It seems like the junction command has been retired in Windows 10.
You can download junction from Windows SysInternals (which is part of Microsoft):
Junction not only allows you to create NTFS junctions, it allows you to see if files or directories are actually reparse points. Reparse points are the mechanism on which NTFS junctions are based, and they are used by Windows' Remote Storage Service (RSS), as well as volume mount points.
Please read this Microsoft KB article for tips on using junctions.
Note that Windows does not support junctions to directories on remote shares.
So how do I create junctions or directory symbolic links in Windows 10?
junction as instructed above.
Now you can use the following commands.
Create a junction:
junction "C:\Documents and Settings\UserName\My Documents\My Dropbox\My Games" "C:\Documents and Settings\UserName\My Documents\My Games"
Create a directory symbolic link:
mklink /D "C:\Documents and Settings\UserName\My Documents\My Dropbox\My Games" "C:\Documents and Settings\UserName\My Documents\My Games"
You can use either
mklink /j or
junction in Windows 10 to create junctions.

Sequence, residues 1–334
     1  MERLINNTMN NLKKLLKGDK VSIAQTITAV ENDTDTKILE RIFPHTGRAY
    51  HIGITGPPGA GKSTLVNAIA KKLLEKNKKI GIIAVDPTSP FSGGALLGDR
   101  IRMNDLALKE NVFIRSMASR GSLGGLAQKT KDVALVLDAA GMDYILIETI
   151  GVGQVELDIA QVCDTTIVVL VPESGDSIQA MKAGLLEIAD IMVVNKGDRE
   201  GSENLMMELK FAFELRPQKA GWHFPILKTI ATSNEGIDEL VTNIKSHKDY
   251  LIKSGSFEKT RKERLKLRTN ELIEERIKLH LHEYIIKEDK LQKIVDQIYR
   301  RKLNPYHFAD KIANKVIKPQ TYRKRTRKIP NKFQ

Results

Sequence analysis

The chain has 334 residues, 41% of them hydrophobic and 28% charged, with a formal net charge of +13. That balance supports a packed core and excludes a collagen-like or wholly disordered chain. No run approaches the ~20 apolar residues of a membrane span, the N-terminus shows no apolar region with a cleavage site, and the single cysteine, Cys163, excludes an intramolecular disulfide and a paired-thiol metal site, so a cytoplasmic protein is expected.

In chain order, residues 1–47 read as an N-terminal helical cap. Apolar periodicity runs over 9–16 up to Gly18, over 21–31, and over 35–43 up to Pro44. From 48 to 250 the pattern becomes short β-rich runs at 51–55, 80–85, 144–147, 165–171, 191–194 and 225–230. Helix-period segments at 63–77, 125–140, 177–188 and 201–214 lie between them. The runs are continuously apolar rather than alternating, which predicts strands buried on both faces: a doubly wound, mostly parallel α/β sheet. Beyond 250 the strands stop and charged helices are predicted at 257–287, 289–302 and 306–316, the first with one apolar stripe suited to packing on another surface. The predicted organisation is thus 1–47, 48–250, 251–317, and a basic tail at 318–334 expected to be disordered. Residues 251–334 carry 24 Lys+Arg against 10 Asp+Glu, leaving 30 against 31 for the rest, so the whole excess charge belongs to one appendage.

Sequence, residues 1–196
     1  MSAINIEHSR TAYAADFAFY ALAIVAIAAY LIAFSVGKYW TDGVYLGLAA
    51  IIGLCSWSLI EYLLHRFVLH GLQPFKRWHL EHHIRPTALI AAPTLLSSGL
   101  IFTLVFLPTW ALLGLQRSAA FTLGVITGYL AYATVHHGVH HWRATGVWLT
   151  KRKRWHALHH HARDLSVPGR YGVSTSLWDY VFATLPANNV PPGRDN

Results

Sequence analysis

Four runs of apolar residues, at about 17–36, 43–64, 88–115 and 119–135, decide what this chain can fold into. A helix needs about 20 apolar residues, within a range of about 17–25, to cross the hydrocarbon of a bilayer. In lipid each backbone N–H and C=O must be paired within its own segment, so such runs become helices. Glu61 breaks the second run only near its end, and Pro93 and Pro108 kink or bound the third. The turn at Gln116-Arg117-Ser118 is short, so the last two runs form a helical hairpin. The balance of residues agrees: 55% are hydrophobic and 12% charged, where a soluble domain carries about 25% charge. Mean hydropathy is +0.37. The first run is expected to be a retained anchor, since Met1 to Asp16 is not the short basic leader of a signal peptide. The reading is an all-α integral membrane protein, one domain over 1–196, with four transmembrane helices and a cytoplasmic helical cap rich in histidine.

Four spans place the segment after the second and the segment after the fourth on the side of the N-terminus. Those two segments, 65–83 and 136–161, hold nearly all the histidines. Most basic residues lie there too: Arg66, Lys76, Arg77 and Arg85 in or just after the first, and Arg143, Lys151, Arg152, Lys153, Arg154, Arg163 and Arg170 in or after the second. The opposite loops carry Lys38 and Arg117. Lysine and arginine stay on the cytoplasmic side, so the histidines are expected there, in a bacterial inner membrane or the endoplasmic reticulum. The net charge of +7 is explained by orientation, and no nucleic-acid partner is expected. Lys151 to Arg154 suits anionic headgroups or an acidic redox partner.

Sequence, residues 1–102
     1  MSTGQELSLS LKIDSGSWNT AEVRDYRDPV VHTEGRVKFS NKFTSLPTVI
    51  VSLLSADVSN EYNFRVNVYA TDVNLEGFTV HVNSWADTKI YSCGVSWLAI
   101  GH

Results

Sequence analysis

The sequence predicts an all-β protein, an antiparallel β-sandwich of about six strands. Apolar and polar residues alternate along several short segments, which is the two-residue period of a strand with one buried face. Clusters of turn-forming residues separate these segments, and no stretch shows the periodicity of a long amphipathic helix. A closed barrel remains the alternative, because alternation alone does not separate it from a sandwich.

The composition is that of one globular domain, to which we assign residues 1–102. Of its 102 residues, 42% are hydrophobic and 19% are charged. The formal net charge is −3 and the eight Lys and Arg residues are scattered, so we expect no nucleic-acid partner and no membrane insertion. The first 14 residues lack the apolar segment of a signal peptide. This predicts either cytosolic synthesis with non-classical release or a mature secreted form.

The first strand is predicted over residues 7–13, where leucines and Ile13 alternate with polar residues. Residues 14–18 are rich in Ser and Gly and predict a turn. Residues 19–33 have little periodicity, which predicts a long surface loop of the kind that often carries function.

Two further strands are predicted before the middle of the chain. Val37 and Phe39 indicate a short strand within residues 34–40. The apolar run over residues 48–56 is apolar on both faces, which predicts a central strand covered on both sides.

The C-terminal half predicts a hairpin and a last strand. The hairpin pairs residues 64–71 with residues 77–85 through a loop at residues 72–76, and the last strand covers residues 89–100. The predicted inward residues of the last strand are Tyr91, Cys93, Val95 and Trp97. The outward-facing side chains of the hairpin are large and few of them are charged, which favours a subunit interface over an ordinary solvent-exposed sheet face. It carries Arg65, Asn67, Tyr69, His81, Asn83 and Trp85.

You can use
mklink /d in Windows 10 to create directory symbolic links.
junction can also list junctions and determine if a file is a junction unlike
mklink is an internal command only available within a
By default Administrator privileges are required to create symbolic links.
It can also be granted to other users. The security setting "Create symbolic links" can be granted at:
Configuration\Windows Settings\Security Settings\Local Policies\User Rights Assignment\
Using mklink to create a directory symbolic link:
F:\test>mklink /d test-dir-sym-link test
symbolic link created for test-dir-sym-link <<===>> test
Using mklink to create a junction:
F:\test>mklink /j test-junction test
Junction created for test-junction <<===>> test
Using junction to create a junction:
F:\test>C:\apps\NirSoft\SysinternalsSuite\junction.exe test-junction test
Junction v1.06 - Windows junction creator and reparse point viewer
Copyright (C) 2000-2010 Mark Russinovich
Sysinternals - www.sysinternals.com
Targetted at: F:\test\test